The Times Eleven million patients wait more than three weeks to see GP

Story also reported in:

BBC News GP shortages cause ‘unacceptable’ patient waits

Health and social care experiences

This quarterly briefing aims to provide health and social care professionals with a summary of the issues raised with Healthwatch

Between July and September over 10,500 people shared their experiences of using health and social care with Healthwatch. This briefing looks at 128 reports published by local Healthwatch and aims to provide health and social care professionals with a summary of the issues people have raised with us.

What issues does the briefing look at?

  • Emerging themes across primary care, hospital care, social care and mental health. For example, the importance of good communication when GP services are changing and people’s mental health and physical health not being given equal consideration in A&E.
  • In focus – the support available for people with incontinence and how services can help by making sure patients can easily access the continence products they need.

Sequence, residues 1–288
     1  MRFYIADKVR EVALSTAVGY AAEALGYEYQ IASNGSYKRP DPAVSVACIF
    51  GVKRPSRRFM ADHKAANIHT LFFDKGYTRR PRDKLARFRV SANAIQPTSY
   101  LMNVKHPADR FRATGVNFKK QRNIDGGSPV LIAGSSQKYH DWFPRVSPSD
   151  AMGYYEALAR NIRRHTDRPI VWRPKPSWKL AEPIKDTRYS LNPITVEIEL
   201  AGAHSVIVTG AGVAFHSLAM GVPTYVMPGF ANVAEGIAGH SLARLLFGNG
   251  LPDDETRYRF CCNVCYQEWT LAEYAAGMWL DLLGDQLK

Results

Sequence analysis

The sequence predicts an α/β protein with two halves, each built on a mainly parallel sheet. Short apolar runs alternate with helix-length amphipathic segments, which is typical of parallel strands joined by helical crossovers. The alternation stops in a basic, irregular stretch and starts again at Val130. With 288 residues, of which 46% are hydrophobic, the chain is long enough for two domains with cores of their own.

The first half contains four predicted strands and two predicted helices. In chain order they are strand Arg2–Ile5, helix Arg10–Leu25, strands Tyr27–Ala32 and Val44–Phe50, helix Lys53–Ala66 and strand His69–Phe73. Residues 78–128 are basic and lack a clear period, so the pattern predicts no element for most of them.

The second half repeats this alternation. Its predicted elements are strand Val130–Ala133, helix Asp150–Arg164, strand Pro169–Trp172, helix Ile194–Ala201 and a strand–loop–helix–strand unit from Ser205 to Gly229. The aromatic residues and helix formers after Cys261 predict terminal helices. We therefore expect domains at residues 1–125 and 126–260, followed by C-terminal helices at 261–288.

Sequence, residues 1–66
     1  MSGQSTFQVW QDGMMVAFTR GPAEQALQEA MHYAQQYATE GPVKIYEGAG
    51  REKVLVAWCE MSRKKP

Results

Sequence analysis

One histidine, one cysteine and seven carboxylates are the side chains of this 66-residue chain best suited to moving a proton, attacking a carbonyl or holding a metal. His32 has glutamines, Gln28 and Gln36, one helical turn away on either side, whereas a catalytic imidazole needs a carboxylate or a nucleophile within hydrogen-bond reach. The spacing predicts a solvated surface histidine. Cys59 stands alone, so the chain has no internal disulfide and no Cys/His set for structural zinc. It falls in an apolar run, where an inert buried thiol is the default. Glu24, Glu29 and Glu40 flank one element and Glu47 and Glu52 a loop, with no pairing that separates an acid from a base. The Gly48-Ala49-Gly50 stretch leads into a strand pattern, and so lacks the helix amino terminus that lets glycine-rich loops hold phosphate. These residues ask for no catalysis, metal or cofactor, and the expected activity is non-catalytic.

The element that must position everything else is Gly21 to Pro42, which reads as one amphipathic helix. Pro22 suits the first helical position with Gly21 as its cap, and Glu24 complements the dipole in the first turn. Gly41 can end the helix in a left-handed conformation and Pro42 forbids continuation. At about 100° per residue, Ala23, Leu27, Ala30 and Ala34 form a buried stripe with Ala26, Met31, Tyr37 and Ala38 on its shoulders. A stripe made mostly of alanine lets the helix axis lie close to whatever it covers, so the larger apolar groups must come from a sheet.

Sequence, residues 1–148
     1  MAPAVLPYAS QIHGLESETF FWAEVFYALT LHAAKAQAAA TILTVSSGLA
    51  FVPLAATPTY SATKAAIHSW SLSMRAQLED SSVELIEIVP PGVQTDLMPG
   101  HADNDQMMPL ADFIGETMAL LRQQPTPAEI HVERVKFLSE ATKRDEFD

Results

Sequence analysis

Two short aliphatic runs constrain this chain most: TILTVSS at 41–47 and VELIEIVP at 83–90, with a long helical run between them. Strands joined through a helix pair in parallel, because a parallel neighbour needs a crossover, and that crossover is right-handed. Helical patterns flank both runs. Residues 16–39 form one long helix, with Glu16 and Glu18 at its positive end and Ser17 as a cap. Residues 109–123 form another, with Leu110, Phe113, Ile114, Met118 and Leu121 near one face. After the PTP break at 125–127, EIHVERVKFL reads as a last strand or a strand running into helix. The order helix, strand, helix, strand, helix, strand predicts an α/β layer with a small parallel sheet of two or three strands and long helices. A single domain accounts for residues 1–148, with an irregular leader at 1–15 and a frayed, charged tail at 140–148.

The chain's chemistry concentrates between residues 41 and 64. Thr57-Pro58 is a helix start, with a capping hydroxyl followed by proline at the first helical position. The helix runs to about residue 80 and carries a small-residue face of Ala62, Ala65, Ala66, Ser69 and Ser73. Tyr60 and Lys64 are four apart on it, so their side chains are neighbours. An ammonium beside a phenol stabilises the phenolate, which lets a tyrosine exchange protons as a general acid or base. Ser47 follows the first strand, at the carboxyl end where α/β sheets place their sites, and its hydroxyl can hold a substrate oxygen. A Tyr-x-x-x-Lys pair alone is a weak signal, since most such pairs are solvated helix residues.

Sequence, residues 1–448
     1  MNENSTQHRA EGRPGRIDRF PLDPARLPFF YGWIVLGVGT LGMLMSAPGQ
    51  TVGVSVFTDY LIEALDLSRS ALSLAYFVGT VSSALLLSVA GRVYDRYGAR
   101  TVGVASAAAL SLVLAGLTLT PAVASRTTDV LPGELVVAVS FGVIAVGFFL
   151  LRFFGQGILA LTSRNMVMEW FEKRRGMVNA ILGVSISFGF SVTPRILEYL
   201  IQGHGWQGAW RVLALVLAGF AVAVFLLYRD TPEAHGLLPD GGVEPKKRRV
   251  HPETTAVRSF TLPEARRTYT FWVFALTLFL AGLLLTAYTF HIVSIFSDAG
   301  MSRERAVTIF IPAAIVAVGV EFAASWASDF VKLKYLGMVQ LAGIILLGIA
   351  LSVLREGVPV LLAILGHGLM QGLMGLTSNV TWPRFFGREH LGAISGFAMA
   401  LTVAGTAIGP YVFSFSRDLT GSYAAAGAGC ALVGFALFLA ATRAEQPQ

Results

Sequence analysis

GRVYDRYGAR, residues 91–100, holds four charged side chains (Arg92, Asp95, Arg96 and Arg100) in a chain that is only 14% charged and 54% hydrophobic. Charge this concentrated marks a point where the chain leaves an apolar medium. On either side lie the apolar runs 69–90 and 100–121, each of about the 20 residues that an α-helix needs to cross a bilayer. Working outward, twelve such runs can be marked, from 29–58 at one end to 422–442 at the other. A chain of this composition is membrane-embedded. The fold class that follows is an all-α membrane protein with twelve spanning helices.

• Spotlight on experiences – the challenges people from diverse ethnic communities can face when using health and care services.

Full briefing: What have people been telling us?  A summary of our evidence – July to September 2019 | Healthwatch

People share what a good A&E experience looks like

Healthwatch | October  2019 | People share what a good A&E experience looks like

New research from Healthwatch  shows that the public value a wide range of factors when it comes to good care in A&E; Healthwatch polled 1700 people in July and October of this year about what they thought about the four-hour A&E waiting time target.